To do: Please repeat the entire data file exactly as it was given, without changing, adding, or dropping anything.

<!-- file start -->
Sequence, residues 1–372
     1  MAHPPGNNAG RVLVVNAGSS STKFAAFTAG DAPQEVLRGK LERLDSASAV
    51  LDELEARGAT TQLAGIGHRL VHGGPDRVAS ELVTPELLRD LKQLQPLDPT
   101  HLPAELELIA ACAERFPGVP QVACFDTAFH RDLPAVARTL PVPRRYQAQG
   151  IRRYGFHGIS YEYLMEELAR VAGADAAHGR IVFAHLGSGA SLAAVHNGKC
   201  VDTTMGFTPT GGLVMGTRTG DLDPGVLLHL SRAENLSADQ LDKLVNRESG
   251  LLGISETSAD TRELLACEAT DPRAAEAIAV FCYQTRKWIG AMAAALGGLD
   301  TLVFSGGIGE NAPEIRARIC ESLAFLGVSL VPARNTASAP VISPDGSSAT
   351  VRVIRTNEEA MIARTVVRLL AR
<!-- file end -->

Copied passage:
Sequence, residues 1–372
     1  MAHPPGNNAG RVLVVNAGSS STKFAAFTAG DAPQEVLRGK LERLDSASAV
    51  LDELEARGAT TQLAGIGHRL VHGGPDRVAS ELVTPELLRD LKQLQPLDPT
   101  HLPAELELIA ACAERFPGVP QVACFDTAFH RDLPAVARTL PVPRRYQAQG
   151  IRRYGFHGIS YEYLMEELAR VAGADAAHGR IVFAHLGSGA SLAAVHNGKC
   201  VDTTMGFTPT GGLVMGTRTG DLDPGVLLHL SRAENLSADQ LDKLVNRESG
   251  LLGISETSAD TRELLACEAT DPRAAEAIAV FCYQTRKWIG AMAAALGGLD
   301  TLVFSGGIGE NAPEIRARIC ESLAFLGVSL VPARNTASAP VISPDGSSAT
   351  VRVIRTNEEA MIARTVVRLL AR